MOSCOW -- Free diver Alexey Molchanov -- the son of famed Russian free diver Natalia Molchanova -- is no stranger to death-defying feats.
He has held his breath under water for an eye-popping 8 minutes and 30 seconds (a far cry from the world record of 24 minutes!) and dove 426 feet into the ocean.
So when he set his latest world record this week-- swimming an excruciating 181 meters (nearly 600 feet) under solid ice in the frigid waters of a quarry near Moscow— it was one of the easier things he’s done, while still being a superhuman challenge.
“I didn’t want to push it,” Molchanov told ABC News a day after he set the record for the longest dive under ice, beating the previous record set by the French free diver, Arthur Guérin-Boëri, who swam for 175 meters in 2017.
Molchanov said he felt he could have gone further but didn’t want to risk it because despite hundreds of dives in warm waters, doing it ice is something quite different.
"Free diving under ice, it’s harder to be sure," Molchanov told ABC News at a Moscow swimming pool, where he was training again after the dive.
"In the cold water you burn oxygen much faster than in warm water. So for me 2 minutes 40 was already very hard."
Free diving is the extreme sport where athletes dive to remarkable depths without scuba gear or additional oxygen supply, instead only holding their breath, usually for several minutes at a time.
The sport is difficult and dangerous even in the warm waters where it is usually practiced, but in Russia a small number of divers also free dive under ice.
Molchanov on Tuesday swam between two holes cut into several inches-thick ice at the quarry, wearing a monofin and a wetsuit to protect him against the frigid water that was around 35 degrees Fahrenheit.
He held his breath for about 2-1/2 minutes, gliding through the murky green water, where visibility was around 3 to 4 meters. The record was registered by a judge from the world free diving body, the International Association for the Development of Apnea (AIDA). The achievement will now be added to the Guinness Book of World Records, which is currently processing it, according to a spokeswoman for Molchanov.
The challenges of regular free diving are multiplied under ice. The freezing water makes it harder for the diver to achieve the relaxed state needed for holding their breath. It can also be dangerous, because the ice above means there is no way out except the small holes cut into it should they become disoriented.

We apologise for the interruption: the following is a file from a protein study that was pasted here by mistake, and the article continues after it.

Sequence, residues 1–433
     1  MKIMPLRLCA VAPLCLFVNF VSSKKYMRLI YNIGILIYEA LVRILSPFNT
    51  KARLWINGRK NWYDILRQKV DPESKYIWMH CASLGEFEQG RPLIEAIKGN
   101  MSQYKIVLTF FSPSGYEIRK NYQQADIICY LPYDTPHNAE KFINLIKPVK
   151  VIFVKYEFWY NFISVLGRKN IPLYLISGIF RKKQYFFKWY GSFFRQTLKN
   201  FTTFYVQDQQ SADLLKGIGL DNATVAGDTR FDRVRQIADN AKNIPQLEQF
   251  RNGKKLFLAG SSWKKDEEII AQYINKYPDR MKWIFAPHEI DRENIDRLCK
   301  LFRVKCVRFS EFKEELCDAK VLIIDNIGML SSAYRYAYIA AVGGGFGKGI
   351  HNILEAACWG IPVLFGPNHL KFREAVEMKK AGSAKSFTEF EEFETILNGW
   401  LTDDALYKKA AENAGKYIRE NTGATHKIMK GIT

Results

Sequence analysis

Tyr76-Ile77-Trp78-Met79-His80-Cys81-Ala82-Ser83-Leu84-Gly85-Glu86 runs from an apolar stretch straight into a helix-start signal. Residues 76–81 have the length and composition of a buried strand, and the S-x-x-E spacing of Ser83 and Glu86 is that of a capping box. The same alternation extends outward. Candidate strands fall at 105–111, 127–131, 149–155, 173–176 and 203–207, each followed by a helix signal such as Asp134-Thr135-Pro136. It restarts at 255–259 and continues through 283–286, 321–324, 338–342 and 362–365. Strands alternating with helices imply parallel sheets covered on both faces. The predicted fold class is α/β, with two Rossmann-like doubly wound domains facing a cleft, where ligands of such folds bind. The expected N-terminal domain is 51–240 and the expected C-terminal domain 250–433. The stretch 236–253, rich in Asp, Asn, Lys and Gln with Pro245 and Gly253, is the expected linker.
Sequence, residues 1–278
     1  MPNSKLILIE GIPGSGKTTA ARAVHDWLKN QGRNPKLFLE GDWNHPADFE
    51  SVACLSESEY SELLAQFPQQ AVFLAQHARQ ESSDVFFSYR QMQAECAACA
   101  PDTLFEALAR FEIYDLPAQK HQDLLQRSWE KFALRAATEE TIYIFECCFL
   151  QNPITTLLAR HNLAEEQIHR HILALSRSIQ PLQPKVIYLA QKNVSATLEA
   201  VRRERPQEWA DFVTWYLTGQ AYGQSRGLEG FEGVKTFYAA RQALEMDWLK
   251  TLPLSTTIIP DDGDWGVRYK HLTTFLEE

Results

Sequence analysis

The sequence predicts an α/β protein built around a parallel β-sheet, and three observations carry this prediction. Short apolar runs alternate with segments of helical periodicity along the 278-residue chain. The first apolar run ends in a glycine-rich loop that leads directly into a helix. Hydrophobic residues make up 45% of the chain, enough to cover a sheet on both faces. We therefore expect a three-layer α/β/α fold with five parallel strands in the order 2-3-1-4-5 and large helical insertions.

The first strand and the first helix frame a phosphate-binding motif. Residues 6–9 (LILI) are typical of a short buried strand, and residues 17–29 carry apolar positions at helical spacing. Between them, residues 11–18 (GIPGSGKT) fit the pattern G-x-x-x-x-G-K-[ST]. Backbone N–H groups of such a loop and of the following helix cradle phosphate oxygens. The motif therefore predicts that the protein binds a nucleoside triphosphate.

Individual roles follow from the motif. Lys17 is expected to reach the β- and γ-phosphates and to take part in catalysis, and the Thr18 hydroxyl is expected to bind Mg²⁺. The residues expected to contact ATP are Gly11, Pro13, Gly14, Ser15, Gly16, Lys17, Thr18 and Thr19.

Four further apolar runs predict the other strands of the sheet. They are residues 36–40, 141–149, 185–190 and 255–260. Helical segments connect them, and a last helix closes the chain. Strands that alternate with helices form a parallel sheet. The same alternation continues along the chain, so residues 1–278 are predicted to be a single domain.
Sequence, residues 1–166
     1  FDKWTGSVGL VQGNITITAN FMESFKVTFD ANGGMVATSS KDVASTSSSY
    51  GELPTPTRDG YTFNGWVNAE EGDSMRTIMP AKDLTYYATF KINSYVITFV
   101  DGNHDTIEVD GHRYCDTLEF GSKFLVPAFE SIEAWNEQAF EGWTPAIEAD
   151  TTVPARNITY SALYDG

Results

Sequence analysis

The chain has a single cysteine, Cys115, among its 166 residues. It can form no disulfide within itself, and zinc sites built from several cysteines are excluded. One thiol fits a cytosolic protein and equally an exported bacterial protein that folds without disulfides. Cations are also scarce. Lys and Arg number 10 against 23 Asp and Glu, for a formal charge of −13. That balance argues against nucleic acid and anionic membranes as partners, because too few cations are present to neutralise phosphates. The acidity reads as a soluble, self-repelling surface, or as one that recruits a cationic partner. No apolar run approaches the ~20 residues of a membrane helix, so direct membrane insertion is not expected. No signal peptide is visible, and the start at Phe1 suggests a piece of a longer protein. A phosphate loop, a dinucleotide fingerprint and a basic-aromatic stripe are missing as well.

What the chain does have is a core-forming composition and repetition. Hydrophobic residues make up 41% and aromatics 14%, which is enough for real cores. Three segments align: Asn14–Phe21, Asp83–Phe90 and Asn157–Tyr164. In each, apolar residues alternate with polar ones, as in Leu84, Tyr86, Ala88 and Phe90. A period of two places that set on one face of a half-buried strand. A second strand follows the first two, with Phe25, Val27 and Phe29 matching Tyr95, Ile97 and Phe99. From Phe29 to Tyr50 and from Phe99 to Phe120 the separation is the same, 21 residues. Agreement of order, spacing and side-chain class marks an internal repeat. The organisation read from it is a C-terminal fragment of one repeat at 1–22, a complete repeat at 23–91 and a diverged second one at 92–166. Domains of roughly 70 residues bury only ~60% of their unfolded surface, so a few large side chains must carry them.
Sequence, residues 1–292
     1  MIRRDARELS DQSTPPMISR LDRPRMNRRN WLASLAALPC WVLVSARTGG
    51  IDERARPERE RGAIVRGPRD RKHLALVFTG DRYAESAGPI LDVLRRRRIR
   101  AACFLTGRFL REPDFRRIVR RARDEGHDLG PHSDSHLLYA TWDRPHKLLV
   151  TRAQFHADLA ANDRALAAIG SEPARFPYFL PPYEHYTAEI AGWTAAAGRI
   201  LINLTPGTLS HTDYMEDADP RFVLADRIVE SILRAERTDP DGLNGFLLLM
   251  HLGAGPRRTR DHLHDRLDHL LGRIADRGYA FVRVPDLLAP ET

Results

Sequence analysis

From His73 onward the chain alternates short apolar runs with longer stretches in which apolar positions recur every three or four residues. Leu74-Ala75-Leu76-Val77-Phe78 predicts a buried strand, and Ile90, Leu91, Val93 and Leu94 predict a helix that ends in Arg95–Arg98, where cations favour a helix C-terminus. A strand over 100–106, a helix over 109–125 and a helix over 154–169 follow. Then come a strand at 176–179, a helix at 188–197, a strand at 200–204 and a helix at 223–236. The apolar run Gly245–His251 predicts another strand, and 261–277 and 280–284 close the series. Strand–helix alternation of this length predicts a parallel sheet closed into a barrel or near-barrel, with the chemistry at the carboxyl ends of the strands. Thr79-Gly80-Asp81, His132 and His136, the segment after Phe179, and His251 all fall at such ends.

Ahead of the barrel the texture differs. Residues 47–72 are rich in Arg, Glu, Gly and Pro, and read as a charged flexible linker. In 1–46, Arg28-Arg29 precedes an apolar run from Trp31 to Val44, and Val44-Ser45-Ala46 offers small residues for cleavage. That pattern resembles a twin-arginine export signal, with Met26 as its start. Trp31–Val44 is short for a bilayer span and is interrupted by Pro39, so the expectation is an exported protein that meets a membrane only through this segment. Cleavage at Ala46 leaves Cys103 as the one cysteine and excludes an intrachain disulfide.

Usually divers tether themselves to a rope to avoid drifting away from the holes, but on Tuesday Molchanov was unattached, just following the line.
"I know if I lose the rope the guiding rope, I can be lost under the ice and it’s a really, really risky situation,” he said.
Molchanov is the son of Natalia Molchanova, the world’s most famous free diver, who vanished while diving in Spain in 2015 and is presumed dead.
Molchanov said he had chosen to try the record now to coincide with the premiere of a Russian feature film based on his mother's life, called One Breath, on which he consulted. The quarry where he completed the record dive was also used as a location in the movie.
Few free divers do under-ice diving, with most usually travelling to locations like the Red Sea or the Maldives. Those that do ice dive are mostly Russian. In 2015, ABC News filmed with a group of free divers diving in the White Sea in the Russian Arctic, attracted by what they said is the unique sensation being cut off from the surface creates.
Molchanov already holds a number of free diving world records, including the deepest dive with fins and constant weight when he dived 130 meters in the Bahamas in 2018 (for comparison London’s Big Ben is 93 meters tall). He said that he now intends to try to break more records, perhaps including a depth dive at Russia's Lake Baikal. the world's deepest lake.
He said he was also considering trying to repeat another distance dive, but this time without a wet suit….